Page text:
Already hailed and persecuted for its perverse humor and wildly wicked sensibility, Undone is the tour-de-force black comedy by International IMPAC Dublin Literary Award Nominee John Colapinto.In modern day America, Dez is a former lawyer and teacher — an ephebophile with a proclivity for teenage girls, hiding out in a trailer park with his latest conquest, Chloe. Having been in and out of courtrooms (and therapists’ offices) for a number of years, Dez is adrift, at odds with a society that persecutes him over his desires. From his couch one afternoon, Dez watches an interview with Jasper Ulrickson, a doting father and loving husband whose heartrending memoir, Lessons from My Daughter, has become a national bestseller. The memoir chronicles his journey with his wife, Pauline, who suffered a stroke giving birth to their only child and has been in a locked-in state ever since. Espousing their deep connection and chaste marriage, Jasper’s selfless devotion to his wife has made him one of the most popular and admired men in America. So Dez sets out to do what any red-blooded American would do: destroy Ulrickson by using Chloe to pose as the famous author’s long-lost daughter, infiltrate his family, seduce him, and, when
New Yorker staffer Colapinto’s novel (after About the Author) is an over-the-top, irreverent, and darkly comical thriller... Colapinto’s novel oscillates between highly ironic and deeply earnest treatments of this taboo subject matter. The story tackles sexual and moral dilemmas that are worth contemplating, delivering them at a breakneck and often entertaining pace.
"Cannily over the top in its comic depravity and magnetizing in its sympathy, Colapinto’s battle royale of innocence and evil, blindness and illumination, betrayal and love will thrill those who enjoy subversively erotic and suspenseful fiction of the finest execution and most cutting implications.
[Colapinto’s] pacing is expert... A well-machined page-turner that brings some smarts to a touchy subject.
Undone is one of the most profoundly disturbing novels you’ll ever read --there’s not a taboo John Colapinto isn’t willing to skewer --but it’s also one of the most entertaining. Equal parts thriller and deft satire, Undone will make you laugh while you cringe and leave you asking questions about the very culture that created it.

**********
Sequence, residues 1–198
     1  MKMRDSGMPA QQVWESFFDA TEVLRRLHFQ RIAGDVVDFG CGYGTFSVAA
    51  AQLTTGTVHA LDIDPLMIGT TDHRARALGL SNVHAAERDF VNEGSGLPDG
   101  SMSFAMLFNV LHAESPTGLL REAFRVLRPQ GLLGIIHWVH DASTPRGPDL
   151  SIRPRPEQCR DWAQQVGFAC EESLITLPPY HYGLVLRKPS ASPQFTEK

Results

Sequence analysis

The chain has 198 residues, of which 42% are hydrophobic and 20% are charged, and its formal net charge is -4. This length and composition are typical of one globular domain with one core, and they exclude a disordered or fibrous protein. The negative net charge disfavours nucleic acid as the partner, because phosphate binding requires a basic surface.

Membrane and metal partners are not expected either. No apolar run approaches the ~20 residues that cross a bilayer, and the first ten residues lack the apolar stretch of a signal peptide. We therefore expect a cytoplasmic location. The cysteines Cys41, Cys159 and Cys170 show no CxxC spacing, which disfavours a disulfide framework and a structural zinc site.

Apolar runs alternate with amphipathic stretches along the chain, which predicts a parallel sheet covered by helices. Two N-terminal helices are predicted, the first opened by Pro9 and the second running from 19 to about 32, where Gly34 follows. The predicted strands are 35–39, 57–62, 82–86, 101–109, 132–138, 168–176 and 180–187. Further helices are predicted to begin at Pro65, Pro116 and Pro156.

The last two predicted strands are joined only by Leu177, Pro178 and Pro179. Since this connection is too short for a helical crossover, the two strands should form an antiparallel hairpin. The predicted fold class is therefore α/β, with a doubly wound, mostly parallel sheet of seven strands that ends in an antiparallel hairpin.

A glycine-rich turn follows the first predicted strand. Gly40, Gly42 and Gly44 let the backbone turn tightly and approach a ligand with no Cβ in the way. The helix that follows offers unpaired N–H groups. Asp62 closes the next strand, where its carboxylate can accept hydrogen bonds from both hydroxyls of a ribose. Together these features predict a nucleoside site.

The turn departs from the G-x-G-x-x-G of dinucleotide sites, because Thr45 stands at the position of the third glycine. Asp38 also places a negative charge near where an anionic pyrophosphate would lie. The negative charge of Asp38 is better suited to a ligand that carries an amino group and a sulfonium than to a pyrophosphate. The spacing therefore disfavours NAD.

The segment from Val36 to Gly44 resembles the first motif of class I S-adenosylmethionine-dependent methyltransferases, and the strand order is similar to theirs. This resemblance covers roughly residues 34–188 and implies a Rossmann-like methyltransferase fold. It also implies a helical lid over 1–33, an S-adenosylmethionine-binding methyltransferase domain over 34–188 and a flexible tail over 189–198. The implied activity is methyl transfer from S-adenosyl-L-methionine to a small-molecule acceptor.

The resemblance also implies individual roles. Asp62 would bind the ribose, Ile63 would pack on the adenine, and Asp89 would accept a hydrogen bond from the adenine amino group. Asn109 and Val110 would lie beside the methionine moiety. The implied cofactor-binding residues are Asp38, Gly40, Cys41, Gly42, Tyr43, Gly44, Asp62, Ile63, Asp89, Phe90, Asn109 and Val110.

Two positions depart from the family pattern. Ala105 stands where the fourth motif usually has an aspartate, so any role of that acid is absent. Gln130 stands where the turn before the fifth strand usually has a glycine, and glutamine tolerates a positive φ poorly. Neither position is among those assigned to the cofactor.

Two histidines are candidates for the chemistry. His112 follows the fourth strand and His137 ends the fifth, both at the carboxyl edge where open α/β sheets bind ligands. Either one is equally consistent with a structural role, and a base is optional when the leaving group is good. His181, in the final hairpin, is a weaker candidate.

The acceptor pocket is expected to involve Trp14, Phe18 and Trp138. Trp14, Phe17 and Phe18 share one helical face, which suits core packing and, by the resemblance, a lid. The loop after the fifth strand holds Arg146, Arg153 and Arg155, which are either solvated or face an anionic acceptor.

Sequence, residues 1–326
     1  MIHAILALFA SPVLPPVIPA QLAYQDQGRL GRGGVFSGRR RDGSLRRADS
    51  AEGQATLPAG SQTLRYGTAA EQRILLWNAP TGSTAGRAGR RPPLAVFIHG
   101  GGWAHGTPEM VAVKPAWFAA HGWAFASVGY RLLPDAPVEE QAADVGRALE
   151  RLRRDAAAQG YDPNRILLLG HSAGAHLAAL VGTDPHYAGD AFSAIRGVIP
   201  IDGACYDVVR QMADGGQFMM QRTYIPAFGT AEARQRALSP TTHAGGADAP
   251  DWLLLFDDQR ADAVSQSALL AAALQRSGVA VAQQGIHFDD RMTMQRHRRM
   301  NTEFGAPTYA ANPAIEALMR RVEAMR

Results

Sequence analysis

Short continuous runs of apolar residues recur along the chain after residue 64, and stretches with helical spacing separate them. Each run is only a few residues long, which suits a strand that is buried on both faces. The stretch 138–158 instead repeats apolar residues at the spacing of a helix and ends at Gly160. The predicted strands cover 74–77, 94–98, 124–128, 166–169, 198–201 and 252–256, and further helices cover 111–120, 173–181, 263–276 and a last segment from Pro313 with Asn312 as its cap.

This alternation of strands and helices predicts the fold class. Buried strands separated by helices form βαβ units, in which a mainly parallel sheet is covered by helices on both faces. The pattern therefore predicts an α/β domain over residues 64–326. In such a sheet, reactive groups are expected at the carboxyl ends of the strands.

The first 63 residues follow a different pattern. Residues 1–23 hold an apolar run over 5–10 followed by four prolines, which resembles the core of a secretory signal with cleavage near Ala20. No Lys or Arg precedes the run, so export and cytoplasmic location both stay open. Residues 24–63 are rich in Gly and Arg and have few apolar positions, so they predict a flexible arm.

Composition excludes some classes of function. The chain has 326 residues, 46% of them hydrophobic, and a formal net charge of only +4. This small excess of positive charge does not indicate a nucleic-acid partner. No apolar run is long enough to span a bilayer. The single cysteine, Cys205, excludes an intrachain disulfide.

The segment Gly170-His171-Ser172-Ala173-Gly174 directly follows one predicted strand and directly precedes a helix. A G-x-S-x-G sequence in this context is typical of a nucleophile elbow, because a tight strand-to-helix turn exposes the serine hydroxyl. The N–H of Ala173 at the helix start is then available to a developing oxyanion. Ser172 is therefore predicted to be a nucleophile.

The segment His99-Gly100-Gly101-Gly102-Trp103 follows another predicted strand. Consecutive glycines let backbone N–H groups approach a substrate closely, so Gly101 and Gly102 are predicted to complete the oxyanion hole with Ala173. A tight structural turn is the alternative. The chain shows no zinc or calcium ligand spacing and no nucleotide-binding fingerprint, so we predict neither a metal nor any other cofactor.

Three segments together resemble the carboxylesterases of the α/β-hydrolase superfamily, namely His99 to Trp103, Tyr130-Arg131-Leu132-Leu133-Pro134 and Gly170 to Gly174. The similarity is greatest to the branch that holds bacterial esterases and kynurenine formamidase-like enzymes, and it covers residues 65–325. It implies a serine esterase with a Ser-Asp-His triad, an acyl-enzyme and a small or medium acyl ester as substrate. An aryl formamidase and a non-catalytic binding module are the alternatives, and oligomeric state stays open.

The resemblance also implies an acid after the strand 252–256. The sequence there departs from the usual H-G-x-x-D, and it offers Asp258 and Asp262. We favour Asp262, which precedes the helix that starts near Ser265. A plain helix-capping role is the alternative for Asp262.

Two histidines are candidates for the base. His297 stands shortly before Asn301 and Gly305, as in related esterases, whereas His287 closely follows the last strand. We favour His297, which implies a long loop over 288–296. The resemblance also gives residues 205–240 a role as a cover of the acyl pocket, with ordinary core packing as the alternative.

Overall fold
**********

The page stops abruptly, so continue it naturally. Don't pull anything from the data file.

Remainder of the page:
Wicked, sexy, funny, ghastly, tragic, and, oh, did I say very funny. The dialogue is good and so is the narrative, intelligent and witty. A terrific read.
Undone casts a very specific spell: It enthralls and horrifies simultaneously... it’s a pseudo-incestuous thriller, a noir that, like Francine Prose’s Blue Angel and Philip Roth’s American Pastoral, details the unraveling of the moral American man and his world... The inevitable disaster exerts a magnetizing force, drawing the reader forward at hurtling speeds to an intolerable climax. Our own urgency and hunger for the story is upsetting perhaps precisely because it mimics the hero’s troubling lust.
You might call Undone a Lolita for the DNA-age.... Colapinto revels conspicuously in words and language. His sprightly third-person narrator rambles garrulously, as if extemporizing an obscure fable. Put the book down and it’s easy to imagine him still chatting away inside the covers... Undone stretches credulity like taffy, mostly because it can: the dominant mood here is social and psychological satire, not realism. Colapinto exploits it all brilliantly, taking considerable risks along the way.
As impolite a book as you’re likely to read... Undone is a novel about envy and the ways in which it corrodes and corrupts.
In his arresting novel, John Colapinto fearlessly explores the troubled terrain that lies between desire and cruelty, fidelity and temptation, and crime and punishment. Equal parts mystery, social satire, and philosophical rumination, Undone asks ’What drives a good man to act badly?’
Vivacious is an adjective often reserved for women, but Undone is that unusual hybrid --a vivaciously male novel. Colapinto targets the bloodless male literary characters of the 21st century as his story profanely embodies the great roles --orphans, protectors, invalids, lechers, predators--and tosses literary themes in the air like so many spinning crystals. Colapinto, who is astutely brilliant at animating people on the pages of The New Yorker, refracts modern morality --hubris, loss, good, evil, lust, revenge--to give us a spicy take full of verve, vim, and villainy.
John Colapinto has written a wicked and sharp-edged novel that cuts deep into both contemporary media culture and the uncontrollable embarrassment that is male sexual desire.
Though it takes its best cues from the traditional mystery novel, it is also a satire shot through with unexpected, touching sincerity. The characters are daft, sweet, disgusting, outrageous, heartrendingly admirable, annoying --and oddly true. I read the story thinking ’This could never happen!’ knowing full well that, in the morally conservative, sexual crime-obsessed America of today, it actually could happen.